Next week, Joseph Rapanotti of Deloitte Consulting and I will be presenting highlights from the NASPP/Deloitte Consulting 2020 Domestic Stock Plan Design survey during the webcast “Top Trends: Plan Administration, ESPPs, Ownership Guidelines, and Insider Trading Compliance.”
Looking for a sneak peek at the trends that will be highlighted during the webcast? In the latest episode of the NASPP’s Equity Expert podcast series, “5 Trends in Stock Plan Administration Staffing and Practices,” Jenn Namazi and I chat about five stock plan administration trends that we noticed in the survey. Here are the trends we talk about.
I often hear it said that stock plan administration doesn’t have an organizational home. But just over 70% of respondents to the 2020 survey report that primary responsibility for administration of their stock plans is housed within the human resources or compensation and benefits organizations.
That seems like a pretty large majority for something that is supposed to vary considerably from company to company. It’s consistent with past editions of the survey, going back all the way to the first survey we conducted in the early 1990s. Maybe stock plan administration does have a home after all.
Not surprisingly, companies with more stock plan participants have more personnel dedicated to administering their plans. Over half (54%) of respondents with over 5,000 stock plan participants report that they have two or more personnel dedicated to plan administration. Another 25% report that they have four or more dedicated personnel.
Conversely, 86% of respondents with less than 251 plan participants report that they have just one or no dedicated personnel administering their plan. (The data I’m citing is for corporate headquarters staff only, which represents the majority of stock plan administration staff—see trend #3).
Consistent with the 2017 survey, the overwhelming majority of respondents report that personnel dedicated to plan administration work at corporate headquarters. Only 10% of respondents report that dedicated administration staff telework. The survey was conducted just as shelter-in-place orders due to COVID-19 were going into effect; now that most stock plan administrators are working from home, it will be interesting to see if this changes in future surveys.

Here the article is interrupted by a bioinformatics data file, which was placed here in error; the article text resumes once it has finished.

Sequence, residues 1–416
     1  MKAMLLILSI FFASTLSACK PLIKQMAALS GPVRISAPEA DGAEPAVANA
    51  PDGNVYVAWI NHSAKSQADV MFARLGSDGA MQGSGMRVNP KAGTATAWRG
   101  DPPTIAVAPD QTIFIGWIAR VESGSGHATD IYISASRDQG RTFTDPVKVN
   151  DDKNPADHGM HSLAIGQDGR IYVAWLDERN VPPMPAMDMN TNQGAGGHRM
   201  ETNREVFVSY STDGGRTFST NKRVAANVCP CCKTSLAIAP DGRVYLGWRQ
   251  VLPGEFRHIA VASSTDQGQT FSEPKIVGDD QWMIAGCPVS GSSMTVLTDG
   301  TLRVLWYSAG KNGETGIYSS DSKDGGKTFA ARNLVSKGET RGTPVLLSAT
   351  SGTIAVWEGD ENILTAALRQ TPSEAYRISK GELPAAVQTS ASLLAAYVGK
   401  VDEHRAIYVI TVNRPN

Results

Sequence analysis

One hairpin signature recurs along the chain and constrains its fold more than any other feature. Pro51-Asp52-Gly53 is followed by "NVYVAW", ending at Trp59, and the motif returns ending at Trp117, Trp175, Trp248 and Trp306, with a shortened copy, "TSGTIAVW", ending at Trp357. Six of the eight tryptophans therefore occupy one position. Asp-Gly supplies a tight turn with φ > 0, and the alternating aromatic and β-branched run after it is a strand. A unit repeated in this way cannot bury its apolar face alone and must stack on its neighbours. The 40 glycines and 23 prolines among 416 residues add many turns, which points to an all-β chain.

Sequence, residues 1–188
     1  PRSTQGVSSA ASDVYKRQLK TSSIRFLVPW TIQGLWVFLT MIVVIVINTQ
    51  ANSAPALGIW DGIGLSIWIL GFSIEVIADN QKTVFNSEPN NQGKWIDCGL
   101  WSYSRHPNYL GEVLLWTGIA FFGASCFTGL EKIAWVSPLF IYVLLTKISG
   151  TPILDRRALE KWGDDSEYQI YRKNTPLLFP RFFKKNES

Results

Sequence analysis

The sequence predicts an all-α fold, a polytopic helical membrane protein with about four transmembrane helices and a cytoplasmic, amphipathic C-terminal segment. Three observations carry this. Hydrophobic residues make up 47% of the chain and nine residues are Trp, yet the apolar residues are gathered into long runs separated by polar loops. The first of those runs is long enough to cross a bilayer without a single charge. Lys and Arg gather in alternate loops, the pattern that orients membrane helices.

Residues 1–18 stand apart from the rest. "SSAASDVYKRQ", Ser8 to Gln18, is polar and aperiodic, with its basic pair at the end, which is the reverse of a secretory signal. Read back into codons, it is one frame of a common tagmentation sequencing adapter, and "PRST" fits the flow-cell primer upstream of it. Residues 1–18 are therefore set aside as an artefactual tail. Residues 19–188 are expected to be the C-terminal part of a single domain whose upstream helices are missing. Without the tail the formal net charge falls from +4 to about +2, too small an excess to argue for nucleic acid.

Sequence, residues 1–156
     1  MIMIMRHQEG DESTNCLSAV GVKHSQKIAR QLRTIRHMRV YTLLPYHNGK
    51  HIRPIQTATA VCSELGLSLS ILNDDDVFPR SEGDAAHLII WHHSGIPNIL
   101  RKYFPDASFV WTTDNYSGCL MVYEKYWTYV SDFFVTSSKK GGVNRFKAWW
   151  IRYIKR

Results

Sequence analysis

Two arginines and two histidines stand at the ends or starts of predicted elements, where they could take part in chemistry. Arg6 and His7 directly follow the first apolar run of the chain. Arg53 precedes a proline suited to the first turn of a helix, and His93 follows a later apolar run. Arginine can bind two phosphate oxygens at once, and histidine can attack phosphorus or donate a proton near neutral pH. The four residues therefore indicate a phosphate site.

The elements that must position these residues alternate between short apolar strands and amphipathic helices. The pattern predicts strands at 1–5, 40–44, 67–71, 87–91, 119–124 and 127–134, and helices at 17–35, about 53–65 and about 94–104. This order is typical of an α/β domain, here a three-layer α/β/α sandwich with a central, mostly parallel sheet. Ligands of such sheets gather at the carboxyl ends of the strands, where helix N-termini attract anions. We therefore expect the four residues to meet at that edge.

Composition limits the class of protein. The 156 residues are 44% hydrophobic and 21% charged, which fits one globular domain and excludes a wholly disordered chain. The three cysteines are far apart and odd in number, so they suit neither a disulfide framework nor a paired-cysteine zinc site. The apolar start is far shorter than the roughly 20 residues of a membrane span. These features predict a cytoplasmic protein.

The majority of respondents (63%) do not allow employees to request additional withholding on their stock plan transactions under any circumstances. Among those respondents that allow excess tax withholding, most allow this practice only for certain individuals (16%) or on an exception basis (9%). Only 13% of respondents allow excess withholding on a widespread basis. Where companies allow excess tax withholding, the majority (73%) do not require employees to submit an updated Form W-4 to request the additional withholding.
Only 55% of companies offer in-person presentations to employees, down from 70% in 2017. Use of webinars was up, with 63% of respondents offering them compared to just 38% in 2017.
Just over a quarter of respondents use videos to educate employees. Respondents using internal social media to educate employees increased to 58%, up from 47% in 2017. Use of blogs in educational programs increased to 31% of respondents, up from 20% in 2017.
For a little more color around these trends, be sure to check out the podcast Jenn and I recorded, “5 Trends in Stock Plan Administration Staffing and Practices.” And for even more trends, don’t miss the webcast “Top Trends: Plan Administration, ESPPs, Ownership Guidelines, and Insider Trading Compliance” on Wednesday, October 21.
SEC Would Like to Make it Easier to Offer Stock to Gig Workers
I’ve already blogged about the SEC’s proposal to modernize both Rule 701 (see “SEC Proposes Upda...Read More
SEC Proposes Updates to Form S-8
The SEC has issued two proposals to update Form S-8 and Rule 701. The first proposal would modernize Form S-8 and Ru...Read More
The Value of Financial Wellness Benefits in Times of Turmoil (and Beyond)
A climate created by chaotic markets, a pandemic and times of economic uncertainty might not seem like the best moment to discuss a financial ideal – the concept of using financial wellnes...Read More
5 Things to Know About New 1099-NEC for Nonemployees
As year-end approaches, one thing to remember is that the 2020 tax year marks a change in how income for nonemployees is reported to the IRS. Here are 5 things to know:
3 Things for Your Year-End Checklist
Are you ready for year end? We are in the home stretch of 2020, the year that redefined “normal.” In that context, it’s hard to imagine that all of our year-end proc...Read More